Unbeknownst to many, the oldest form of written music in America is gaining international appeal. It’s a form of shape note music called Sacred Harp singing— a style of music built upon 200 years of rich history and just one instrument: the human voice.
To perform Sacred Harp, singers face each other in what's called a “hollow square” formation. Each voice part makes up one side of the square: trebles sit on the right side, altos on the backside, bass on the left, and tenors on the front side.
The experience means something different to each singer. Vocalists often credit this type of music with evoking great emotion. Judy Mincey, a Sacred Harp singer from Georgia, has traveled across the United States and Europe to attend singing gatherings.
“For me it’s a spiritual exercise," she says. "The songs just take you out of time, and it’s very special. There’s joy and sometimes there’s overwhelming sorrow. The Hollow Square is a sacred space."
What's most unique is how the music is read. While Sacred Harp appears, at first glance, to be similar to conventional musical notation, the note-heads have different shapes than standard oval notes to help singers sight-read unfamiliar tunes.
Shape note singing started in New England in the 1700s before gradually making its way to the southern United States where unschooled rural farmers are credited with preserving it. Today, the American tradition brings communities together all around the world. Documented singing groups are active in more than 35 U.S. states and nearly 10 countries.
The Sacred Harp Hymnal was published in Hamilton, Ga. in 1844, with the first known singing convention taking place a year later at Long Cane Baptist Church. In the Sacred Harp Hymnal, “Amazing Grace How Sweet the Sound” appears in two side-by-side versions: song note and the more commonly recognized “Amazing Grace” performed today.
Music on the Move
Jesse P. Karlsberg, vice president of the Sacred Harp Publishing Company, is a graduate student at Emory University in Atlanta, Ga. He studies the contemporary spread of Sacred Harp singing.
According to Karlsberg, Sacred Harp singing during the 20th Century was confined to the South, where singers were connected by kinship, attending the same church or living in the same community. Karlsberg attributes Sacred Harp’s spread to folklorists and music scholars who later discovered it and felt it should be shared beyond the local communities where it was practiced.
He says, “In addition to encompassing members of a wide range of churches and religious affiliations, you now have people who have no religious affiliation. Whether it’s sung in Georgia or in Ireland or Poland, we still have a really powerful experience that I think has the same effect on people no matter the location."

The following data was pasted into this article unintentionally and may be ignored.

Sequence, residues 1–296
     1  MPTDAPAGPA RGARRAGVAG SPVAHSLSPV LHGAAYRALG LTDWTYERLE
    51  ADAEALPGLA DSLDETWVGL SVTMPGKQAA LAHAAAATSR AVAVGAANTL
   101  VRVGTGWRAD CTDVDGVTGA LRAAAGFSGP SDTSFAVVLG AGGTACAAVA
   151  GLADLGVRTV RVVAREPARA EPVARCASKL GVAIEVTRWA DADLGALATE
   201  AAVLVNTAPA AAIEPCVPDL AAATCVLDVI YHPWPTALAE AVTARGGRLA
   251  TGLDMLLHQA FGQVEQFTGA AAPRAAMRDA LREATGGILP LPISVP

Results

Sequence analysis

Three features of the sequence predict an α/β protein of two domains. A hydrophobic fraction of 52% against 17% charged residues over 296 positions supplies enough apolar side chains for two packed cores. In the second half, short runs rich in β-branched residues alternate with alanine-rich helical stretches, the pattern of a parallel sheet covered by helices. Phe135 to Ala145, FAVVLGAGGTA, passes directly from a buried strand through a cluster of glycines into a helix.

History in Harmony
In addition to being sung hundreds of years after its origination, new songs are still being created. Raymond Hamrick, the oldest living composer of Sacred Harp music, has composed hundreds of songs in “The Georgian Harmony” and “The Sacred Harp.” At 98 years old, Hamrick continues composing today. Hamrick’s interest in Sacred Harp began with his fascination for its history. His oldest song book in his collection dates back to 1803. According to Karlsberg, that’s what makes Hamrick exceptional, “Almost everyone in Sacred Harp is wonderful, but Raymond is unique. “He’s the only singer of his generation who decided he needed to figure out the history of the music for himself.”
Hamrick says he’s not a musician and he’s never had any formal training in writing music. His ability to write comes purely through inspiration. “I’d be sitting there reading and then all of a sudden there’d be a tune in my head and I’d have to stop what I was doing and write it down,” Hamrick says.
Karlsberg says Hamrick is being modest, “He’s one that everyone looks to tell us about the history of this music, like what singings were like before we were all born.” Many Sacred Harp singers credit Hamrick with penning their favorite tunes. Hamrick’s song, “Lloyd” is one of the most often sung pieces at singings around the world today. Known globally, Karlsberg believes composing is Hamrick’s gift, “His music is inspired. It moves people… brings them to tears,” says Karlsberg, “His songs change people’s lives.” Hamrick hopes those songs will continue to resonate for centuries to come.
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Emily Turk is a